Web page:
New classes of shares
Setting up new classes of shares in an existing company. The shares can be different classes of ordinary shares (A shares, B shares, etc), non-voting shares, redeemable shares, or any other class of shares.
Most companies have just one class of shares, which will be ordinary shares carrying one vote per share, full dividend rights and full rights on a winding up. Often companies set up different classes of shares for a range of different reasons. These may include wishing to pay dividends in particular ways, providing shares for family members or employees, to separate the voting rights, capital rights and rights to profits by allocating the different classes, or for many other reasons. See further classes of shares.
The first stage to this will be to describe the different share classes and the rights attached to them in the company's articles. This is a question of drafting the articles to include the right provisions and adopting the new articles as the articles of association of the company. Some of the new shares may then have to be issued to whoever is to receive them. In some cases, existing shares are converted into shares of the new class.
Any of these changes must be approved by the directors and separately by the shareholders by the right type of resolution. Such resolutions can be passed as written resolutions under the new procedures in the Companies Act 2006 (our preferred procedure) or at an Annual or Extraordinary General Meeting. All the procedures and forms were amended by the Companies Act 2006 (most of which came into effect on 1st. October 2010) and it is important that the correct procedures are followed and documents and forms produced.
Combining the stages
We can do all the work involved, or only parts of it, as you require.
Most people who take this service ask us to draft the new articles and also to provide the resolutions and forms for them to be adopted by the company. In many cases they also ask us to provide all the necessary resolutions and forms for an allotment of the shares to the people who are to get them. If existing shares are to be converted into the new classes, they will usually ask us to do that as well. When stages are combined in this way, we naturally produce one set of resolutions that deal with all the matters at once. So, for example, if the company has to pass a resolution to adopt new articles and also has to pass one or more resolutions to allot the shares, these different things will all be done as part of one process. We will not send you different sets of paperwork for the separate stages. Our Prices page shows the cost of the individual services separately and also the cost of combining two or more of them together as one service.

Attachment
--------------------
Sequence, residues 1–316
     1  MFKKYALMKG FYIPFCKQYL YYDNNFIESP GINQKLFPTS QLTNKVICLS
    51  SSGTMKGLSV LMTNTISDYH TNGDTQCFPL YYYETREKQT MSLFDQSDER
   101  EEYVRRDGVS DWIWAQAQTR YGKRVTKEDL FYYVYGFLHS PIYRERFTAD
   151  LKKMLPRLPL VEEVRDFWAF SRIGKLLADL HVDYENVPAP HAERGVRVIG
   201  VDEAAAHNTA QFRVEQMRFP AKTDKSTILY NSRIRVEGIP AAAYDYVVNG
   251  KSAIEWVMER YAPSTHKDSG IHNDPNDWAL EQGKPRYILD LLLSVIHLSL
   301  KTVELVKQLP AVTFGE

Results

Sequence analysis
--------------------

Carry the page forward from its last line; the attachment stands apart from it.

- notices of directors' meetings
- minutes of directors' meetings
- notices of shareholders' resolutions
- shareholders' consents to resolutions
- notices of resolutions for Companies House
- completed official forms
- our straightforward, step by step guide to completing the procedures
- checking by us when the documents are completed (if required)
- despatch by us to Companies House of the completed and checked documents (if required)
- share certificates and/or completed registers (if required as an additional service).
If the company is a single person company, with just one director/shareholder, appropriate alternative documentation is provided.
The service described on this page will be provided at our standard benchmark price, except in very exceptional cases, but please note the comments above about combining services. Note, too, that this service is often provided in addition to other services, such as reviewing, drafting or updating the articles. All costs are kept on one web page to make updating for VAT changes, etc. simple.
- what classes of shares you want the company to have
- what voting rights each of the classes is to have
- what dividend rights will attach to each of the classes (often the directors or the shareholders are given a discretion as to the payment of dividends, in which case this must be stated in the articles)
- whether the shares are to be redeemable
- what rights the shares have on winding up or redemption (this is usually whether the shares get only their nominal value back (e.g. £1 on a £1 share) or share in the full value of the company.